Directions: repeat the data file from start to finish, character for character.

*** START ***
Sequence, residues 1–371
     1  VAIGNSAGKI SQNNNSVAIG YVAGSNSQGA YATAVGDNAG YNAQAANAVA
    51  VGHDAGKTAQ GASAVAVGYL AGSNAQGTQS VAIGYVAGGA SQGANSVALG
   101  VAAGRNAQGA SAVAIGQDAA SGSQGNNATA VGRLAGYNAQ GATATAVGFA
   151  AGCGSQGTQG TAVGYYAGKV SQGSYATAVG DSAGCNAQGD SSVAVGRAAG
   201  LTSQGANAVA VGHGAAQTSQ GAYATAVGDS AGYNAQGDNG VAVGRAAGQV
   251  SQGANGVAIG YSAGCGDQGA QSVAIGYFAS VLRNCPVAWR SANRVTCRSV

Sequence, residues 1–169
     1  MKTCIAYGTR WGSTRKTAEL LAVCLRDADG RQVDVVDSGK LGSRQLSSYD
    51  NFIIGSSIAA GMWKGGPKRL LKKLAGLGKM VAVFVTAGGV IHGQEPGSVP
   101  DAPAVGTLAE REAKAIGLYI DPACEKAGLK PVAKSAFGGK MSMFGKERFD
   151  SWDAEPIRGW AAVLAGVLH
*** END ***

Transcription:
Sequence, residues 1–371
     1  VAIGNSAGKI SQNNNSVAIG YVAGSNSQGA YATAVGDNAG YNAQAANAVA
    51  VGHDAGKTAQ GASAVAVGYL AGSNAQGTQS VAIGYVAGGA SQGANSVALG
   101  VAAGRNAQGA SAVAIGQDAA SGSQGNNATA VGRLAGYNAQ GATATAVGFA
   151  AGCGSQGTQG TAVGYYAGKV SQGSYATAVG DSAGCNAQGD SSVAVGRAAG
   201  LTSQGANAVA VGHGAAQTSQ GAYATAVGDS AGYNAQGDNG VAVGRAAGQV
   251  SQGANGVAIG YSAGCGDQGA QSVAIGYFAS VLRNCPVAWR SANRVTCRSV

Sequence, residues 1–169
     1  MKTCIAYGTR WGSTRKTAEL LAVCLRDADG RQVDVVDSGK LGSRQLSSYD
    51  NFIIGSSIAA GMWKGGPKRL LKKLAGLGKM VAVFVTAGGV IHGQEPGSVP
   101  DAPAVGTLAE REAKAIGLYI DPACEKAGLK PVAKSAFGGK MSMFGKERFD
   151  SWDAEPIRGW AAVLAGVLH